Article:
Volume 16, April 2010
St. Louis, Missouri, USA
Editor: Mohamed Ziauddin
In the Name of Allah, the Most Beneficent and the Most Merciful
MENTAL HEALTH IN INDONESIA
(CHRONIC MENTALLY ILL)
Mental patients take their lunch in front of their shelter at the Galuh foundation compound in East Bekasi, outskirt of Jakarta November 5, 2009. The Galuh foundation house has housed more than 288 underprivileged mental patients since it was founded in 1982 by Gendu Mulatip. The foundation give patients a shelter to stay, treat them with prayers and traditional medicine, and feed them vegetarian food. Most of them became mentally ill due to the poor economy, head nurse Suharyono said on Thursday. REUTERS/Beawiharta (INDONESIA HEALTH SOCIETY)
Head nurse Suharyono (L) brings in a man suffering from mental illness shortly after finding him at a street in East Bekasi, outskirt of Jakarta November 5, 2009. REUTERS/Beawiharta (INDONESIA SOCIETY HEALTH)
The chronic and severely mentally ill are a very vulnerable group of people who are unable to function normally like others in the general population to lead a productive and satisfactory quality of life. We believe that the Government, Public and Private Organizations and Muslims in general should strive to do more than what they are currently doing to assist the mentally ill. For those who are unable to help the mentally ill, the least they can do is at least to avoid the unfortunate stigmatization of the mentally ill.
A mental patient named Totok reacts during a relax therapy session at the Galuh foundation compound in East Bekasi, outskirt of Jakarta November 5, 2009. REUTERS/Beawiharta (INDONESIA HEALTH SOCIETY)
We realize the economical, technological limitations and other realities "on the ground" of Muslim Governments that may impair their ability to help the mentally ill. One way to reduce such impairment is to give higher priority to such a vulnerable group and increased co-operation and co-ordination with other entities that are specialized in helping the mentally ill.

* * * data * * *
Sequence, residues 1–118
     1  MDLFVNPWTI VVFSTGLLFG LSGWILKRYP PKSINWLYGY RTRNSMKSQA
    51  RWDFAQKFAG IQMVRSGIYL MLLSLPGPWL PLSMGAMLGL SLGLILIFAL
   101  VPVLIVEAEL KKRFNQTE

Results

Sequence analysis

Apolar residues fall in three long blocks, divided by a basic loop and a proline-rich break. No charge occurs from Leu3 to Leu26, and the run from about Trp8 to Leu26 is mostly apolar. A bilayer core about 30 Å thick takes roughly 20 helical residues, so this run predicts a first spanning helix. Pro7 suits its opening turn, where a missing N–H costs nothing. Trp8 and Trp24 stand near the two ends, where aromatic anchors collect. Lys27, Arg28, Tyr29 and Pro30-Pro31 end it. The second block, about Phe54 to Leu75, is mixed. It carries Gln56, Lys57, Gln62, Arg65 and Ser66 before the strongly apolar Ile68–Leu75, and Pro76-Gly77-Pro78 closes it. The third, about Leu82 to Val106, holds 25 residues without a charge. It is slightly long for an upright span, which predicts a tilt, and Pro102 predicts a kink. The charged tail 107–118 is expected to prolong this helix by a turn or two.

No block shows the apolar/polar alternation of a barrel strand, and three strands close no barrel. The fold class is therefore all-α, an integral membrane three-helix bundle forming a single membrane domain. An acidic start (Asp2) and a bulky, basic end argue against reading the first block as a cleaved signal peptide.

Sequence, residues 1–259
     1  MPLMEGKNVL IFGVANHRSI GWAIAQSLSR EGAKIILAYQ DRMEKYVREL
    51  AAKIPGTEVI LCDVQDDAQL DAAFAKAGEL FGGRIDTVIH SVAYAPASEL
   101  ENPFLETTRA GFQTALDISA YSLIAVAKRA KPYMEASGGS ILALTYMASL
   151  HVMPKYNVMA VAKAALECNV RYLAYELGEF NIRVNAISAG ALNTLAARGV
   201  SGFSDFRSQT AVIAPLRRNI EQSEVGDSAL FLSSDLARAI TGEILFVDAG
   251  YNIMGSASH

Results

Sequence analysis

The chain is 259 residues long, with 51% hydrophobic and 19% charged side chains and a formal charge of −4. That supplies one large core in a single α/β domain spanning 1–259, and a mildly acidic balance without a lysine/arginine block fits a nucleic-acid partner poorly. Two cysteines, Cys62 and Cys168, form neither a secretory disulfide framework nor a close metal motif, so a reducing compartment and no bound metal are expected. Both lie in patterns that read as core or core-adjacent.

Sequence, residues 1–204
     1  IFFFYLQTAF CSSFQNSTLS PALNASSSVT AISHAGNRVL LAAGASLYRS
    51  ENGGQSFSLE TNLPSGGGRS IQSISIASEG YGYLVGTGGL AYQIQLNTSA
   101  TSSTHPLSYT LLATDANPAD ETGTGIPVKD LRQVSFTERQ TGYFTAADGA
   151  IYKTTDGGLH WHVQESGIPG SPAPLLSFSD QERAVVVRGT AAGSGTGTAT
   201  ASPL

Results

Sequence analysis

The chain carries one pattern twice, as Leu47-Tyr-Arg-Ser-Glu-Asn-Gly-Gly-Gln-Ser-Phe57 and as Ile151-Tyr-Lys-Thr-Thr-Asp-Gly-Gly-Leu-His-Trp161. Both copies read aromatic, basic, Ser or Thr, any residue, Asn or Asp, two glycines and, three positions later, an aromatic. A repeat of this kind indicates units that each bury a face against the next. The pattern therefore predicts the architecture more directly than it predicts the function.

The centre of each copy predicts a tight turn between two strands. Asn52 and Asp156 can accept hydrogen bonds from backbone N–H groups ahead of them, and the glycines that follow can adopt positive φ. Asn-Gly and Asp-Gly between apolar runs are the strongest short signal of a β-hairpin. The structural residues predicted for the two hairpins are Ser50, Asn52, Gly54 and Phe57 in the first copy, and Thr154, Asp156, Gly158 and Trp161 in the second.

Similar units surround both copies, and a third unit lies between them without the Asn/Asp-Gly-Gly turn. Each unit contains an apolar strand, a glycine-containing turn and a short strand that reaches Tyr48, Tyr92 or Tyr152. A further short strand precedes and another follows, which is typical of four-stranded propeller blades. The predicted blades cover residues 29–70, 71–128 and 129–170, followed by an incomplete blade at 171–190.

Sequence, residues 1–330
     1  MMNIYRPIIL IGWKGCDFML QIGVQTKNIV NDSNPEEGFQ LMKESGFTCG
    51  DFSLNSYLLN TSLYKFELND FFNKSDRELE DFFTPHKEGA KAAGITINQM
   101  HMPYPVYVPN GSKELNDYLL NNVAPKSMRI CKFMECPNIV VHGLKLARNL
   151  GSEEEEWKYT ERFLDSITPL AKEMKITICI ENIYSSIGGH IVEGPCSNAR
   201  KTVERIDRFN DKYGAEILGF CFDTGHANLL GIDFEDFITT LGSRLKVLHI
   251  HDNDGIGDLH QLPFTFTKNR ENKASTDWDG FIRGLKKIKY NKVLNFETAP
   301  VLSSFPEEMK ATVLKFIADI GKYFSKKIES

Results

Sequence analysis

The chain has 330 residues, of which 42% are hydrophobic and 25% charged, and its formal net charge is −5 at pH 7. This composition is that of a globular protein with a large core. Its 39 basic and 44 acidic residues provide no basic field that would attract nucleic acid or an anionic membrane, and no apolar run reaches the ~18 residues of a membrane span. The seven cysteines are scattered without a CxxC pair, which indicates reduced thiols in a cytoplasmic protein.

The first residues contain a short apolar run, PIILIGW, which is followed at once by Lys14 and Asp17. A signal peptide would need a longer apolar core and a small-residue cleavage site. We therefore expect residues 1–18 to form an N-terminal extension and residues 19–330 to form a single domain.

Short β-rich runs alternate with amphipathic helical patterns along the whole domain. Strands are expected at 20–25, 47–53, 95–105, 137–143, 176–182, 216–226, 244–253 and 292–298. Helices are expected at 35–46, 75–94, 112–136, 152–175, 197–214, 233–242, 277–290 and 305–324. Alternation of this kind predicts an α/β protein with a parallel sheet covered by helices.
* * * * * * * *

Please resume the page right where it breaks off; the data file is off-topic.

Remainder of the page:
Mental patients stand in front of their shelter at the Galuh foundation compound in East Bekasi, outskirt of Jakarta November 5, 2009. REUTERS/Beawiharta (INDONESIA SOCIETY HEALTH)
Below is a condensed version of an article that briefly enlightens about Mental Health Care for the severely mentally ill in Indonesia.
Improving Mental Health Care in Indonesia
Director of Mental Health, Indonesia
"Psychiatry is a neglected branch of medicine in Indonesia".
He shared his views publicly in a recent article he authored for The International Journal of Mental Health Systems.
His particular interest in community mental health services developed during a research project early in his career. “I went to a rural area looking for patients with schizophrenia. Some had been restrained for years. That was not every schizophrenic’s fate, but it wasn’t unusual,” says Irmansyah. “I also interviewed people who had struggled to take care of a family member with schizophrenia. hat encouraged me were families that wanted to let the patient get services, and learn how to take care of them better.”
Photo by Saichu Anwar, courtesy of Photoshare
As Indonesia’s new director of mental health, Dr. Irmansyah advocates for the mentally ill in a country with minimal community services and less than 500 psychiatrists for a population of 230 million.
Irmansyah led a team that studied the genetics of siblings with schizophrenia. The researchers developed family-based interventions and supported a nascent Indonesian Mental Health Association for people with mental illness and their families. When Irmansyah returned to the University of Indonesia in Jakarta after his fellowship, he was elected chair of the psychiatry department. That position, as well as his work in disaster relief in Aceh after the 2004 tsunami, brought him to the attention of the Ministry of Health.
His Harvard mentor, Dr. Byron Good, says Irmansyah has a deep commitment to building a community-based mental health system able to provide evidence-based psychiatric care. “His appreciation for both basic science and implementation research, his strategic vision and his desire to give a voice to Indonesians suffering from mental illness and their families, makes him a wonderful selection to serve as director of mental health. The Fogarty International Center can be proud of the role it played in his evolution as a leader in Indonesian psychiatry.”
Human rights of persons with mental illness in Indonesia: more than legislation is needed. Irmansyah I, Prasetyo YA, Minas H. International Journal of Mental Health Systems 19 June 2009, 3:14.